Kristie called me just outside Hunstville, Texas, the prison town that executes more inmates per year than any other in the nation. We shot the shit as my fingers twitched in that familiar motion, and my body lurched for the end of the day. I just needed to sing pretty one more night, then my body was my own again to self destruct, a glorious roll of lung cancer and ash seeping in and up to quiet the part of my brain that says I need, then yells at me for giving in when I do. My gums ached with the smoke as I envisioned tooth decay from the inside out.
“I have an eating disorder,” Kristie said abruptly, “Not like anorexia or bulimia or anything, it’s just that I can’t stop, I am…”
And I finished her sentence with her. A flood of last Sunday morning’s binge of popcorn with melted cheese and a fork– my secret eating– flashed into my brain. My hankering for a cigarette turned into a yearning. My lungs ached, my throat hurt.
“…a compulsive eater.”
What else have I been suppressing with my decade-long love affair with smoking? A clear voice on the other end of the line–
“Everyone’s struggle with abstinence is the same,” she said.
Weight Watchers and Curves and homemade apple pies and early mornings at the track and fresh baked bread and long sighs of disappointment as she stepped on the scale. My mother’s struggle with the love of food vs. the way she wanted her body to look was passed to her from her mother, and as much as we fought it, has passed down to her daughters, too. It’s not my mother’s doing. It’s not the sole responsibility of our skinny obsessed culture, either. My fingerprints were not the only ones found in the icing the next morning after everyone was to be sleeping.
Because everyone’s struggle with abstinence looks the same.
We had only stepped out for ten minutes or so, just enough time to see the new house she and her husband had been building next door, and for me to confess to Jessica that I had again fallen in love. When we stepped back inside, not only had my 97 pound dog managed to pull the Tupperware bin of dog food that was not hers from the bottom shelf of the coffee table, but had also managed– without a tooth mark– to pull back the snap latches, remove the lid, and eat over one half of a 40 pound bag.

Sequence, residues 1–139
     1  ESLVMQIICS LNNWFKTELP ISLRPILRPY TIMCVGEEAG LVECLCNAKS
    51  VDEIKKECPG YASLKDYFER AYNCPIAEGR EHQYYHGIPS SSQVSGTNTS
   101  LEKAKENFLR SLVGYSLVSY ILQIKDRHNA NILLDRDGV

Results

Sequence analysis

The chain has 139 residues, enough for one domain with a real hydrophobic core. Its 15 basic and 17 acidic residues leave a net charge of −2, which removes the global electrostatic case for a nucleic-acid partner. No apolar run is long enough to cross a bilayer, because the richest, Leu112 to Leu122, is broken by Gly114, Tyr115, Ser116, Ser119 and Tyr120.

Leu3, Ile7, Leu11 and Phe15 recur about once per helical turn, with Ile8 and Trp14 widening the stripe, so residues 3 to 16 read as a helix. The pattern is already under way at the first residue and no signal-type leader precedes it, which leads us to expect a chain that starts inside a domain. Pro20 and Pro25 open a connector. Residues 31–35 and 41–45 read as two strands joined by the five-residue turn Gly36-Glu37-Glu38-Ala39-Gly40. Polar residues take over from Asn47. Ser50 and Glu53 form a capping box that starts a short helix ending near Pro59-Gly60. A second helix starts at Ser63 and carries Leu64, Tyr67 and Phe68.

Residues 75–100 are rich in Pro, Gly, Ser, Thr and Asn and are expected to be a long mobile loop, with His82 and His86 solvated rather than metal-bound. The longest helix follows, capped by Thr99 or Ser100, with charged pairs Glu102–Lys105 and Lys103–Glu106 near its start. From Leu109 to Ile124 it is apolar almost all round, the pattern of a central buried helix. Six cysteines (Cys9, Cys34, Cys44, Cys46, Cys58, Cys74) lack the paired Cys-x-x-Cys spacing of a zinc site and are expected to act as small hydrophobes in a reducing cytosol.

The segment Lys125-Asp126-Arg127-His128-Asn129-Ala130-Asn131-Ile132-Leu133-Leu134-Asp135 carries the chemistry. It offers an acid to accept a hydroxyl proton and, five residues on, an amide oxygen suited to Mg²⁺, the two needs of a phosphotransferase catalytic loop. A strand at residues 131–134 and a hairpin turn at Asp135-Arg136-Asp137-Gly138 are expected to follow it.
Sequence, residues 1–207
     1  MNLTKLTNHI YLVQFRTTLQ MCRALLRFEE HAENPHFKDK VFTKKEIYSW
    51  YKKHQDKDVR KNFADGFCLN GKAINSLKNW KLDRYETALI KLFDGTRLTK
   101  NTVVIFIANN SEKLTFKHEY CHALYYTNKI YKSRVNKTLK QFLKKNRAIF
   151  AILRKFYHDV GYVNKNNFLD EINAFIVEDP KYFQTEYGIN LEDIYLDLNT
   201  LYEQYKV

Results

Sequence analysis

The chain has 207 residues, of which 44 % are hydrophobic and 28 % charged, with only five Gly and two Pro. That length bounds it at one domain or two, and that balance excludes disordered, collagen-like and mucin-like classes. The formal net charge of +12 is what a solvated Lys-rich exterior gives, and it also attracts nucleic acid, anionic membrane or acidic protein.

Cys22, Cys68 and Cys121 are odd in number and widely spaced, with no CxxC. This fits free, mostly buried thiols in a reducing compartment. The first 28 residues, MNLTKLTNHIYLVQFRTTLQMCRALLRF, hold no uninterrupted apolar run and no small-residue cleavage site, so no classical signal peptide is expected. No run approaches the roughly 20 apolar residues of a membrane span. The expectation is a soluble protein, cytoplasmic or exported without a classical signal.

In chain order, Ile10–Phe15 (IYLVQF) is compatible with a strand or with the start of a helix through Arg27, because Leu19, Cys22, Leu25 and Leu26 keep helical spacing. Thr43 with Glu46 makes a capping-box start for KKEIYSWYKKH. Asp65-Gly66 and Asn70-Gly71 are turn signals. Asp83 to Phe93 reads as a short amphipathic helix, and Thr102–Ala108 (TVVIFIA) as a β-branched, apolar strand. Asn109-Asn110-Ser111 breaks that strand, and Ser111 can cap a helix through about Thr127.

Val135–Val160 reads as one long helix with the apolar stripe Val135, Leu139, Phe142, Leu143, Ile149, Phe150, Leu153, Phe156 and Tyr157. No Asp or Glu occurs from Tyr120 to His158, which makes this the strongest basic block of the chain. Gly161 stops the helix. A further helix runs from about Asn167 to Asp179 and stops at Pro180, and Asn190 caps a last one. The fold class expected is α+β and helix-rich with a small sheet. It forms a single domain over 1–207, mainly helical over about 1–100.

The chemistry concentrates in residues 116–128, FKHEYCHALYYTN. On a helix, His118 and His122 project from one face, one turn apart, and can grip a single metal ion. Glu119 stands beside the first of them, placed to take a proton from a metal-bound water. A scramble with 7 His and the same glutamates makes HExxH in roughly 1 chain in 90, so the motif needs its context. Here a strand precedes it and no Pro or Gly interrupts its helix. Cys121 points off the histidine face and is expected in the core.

We induced vomiting.
We walked it off.
We spent days of her moaning back in Nashville on a soft bed with a fan pointed squarely at her to ward off the discomfort.
“Like mother, like dogger,” I said to Jessica.
Because everyone’s struggle with abstinence feels the same.
It was behind the Church of Christian Science on the tailgate of my yellow truck, accompanied for good measure with my pal, Phill, and justified by the theater. How was I supposed to know how to direct a couple of Christian College Freshman on how to look “natural” smoking when I, myself, had never partook? It was art. It was college. It was necessary. And so, ordering the “slimmest, most feminine young person cigarette, please” from the gas station, where my ID was scrutinized over twice, I found myself at the beginning of a decade. This decade would have me playing out roles of early-morning-thoughtful-coffee-and-cigarette artist, late-night-drinking-bourbon-and-talking-theology 20-something, long-drives-between-states-with-moody-music traveler. All justified by theater.
I recently attended a reading in which the author described the act of smoking being that after the first cigarette of the day, you spend each consecutive cigarette trying to recapture the feeling of the first. And now, ten years later, I am still trying to capture the feeling of 19, 20, 21, 22…
I made a promise that I would smoke no longer than a decade, and I’m running right up against the rails. With 30 less than a week and a half away, my mostly-on-again-sometimes-off-again relationship with smoking is coming to a blazing halt. And despite the 2AM panic attacks of emphysema and the dull aches in my head and lungs, I persist to smoke more than I have in the past year.
“Pre-binging,” Kristie said, as I confessed to her just a couple days ago. “When you know the diet is coming, so you eat as much as you can to pre-reward yourself.”
I told my Someone that it’s not so much quitting, as agreeing to spend this decade being quit– that we can pick it up again for our 40’s.
Because everyone’s struggle with abstinence goes the same.
And maybe that’s where the sympathy comes in. Maybe that’s where I find myself a little less angry at my ex-husband’s late night rants and stumbling to bed. Maybe this instance of vulnerability and fear of parting with my long-time friend, who had kept me company through my ugly divorce and my new spackled marriage, helps me see that his long-time friend– not burnt down, but drunk down– has a hard time leaving, too. And it may not all look like digging food up from the garbage or testing the limits of lung cancer, but everyone’s struggle with abstinence is the same.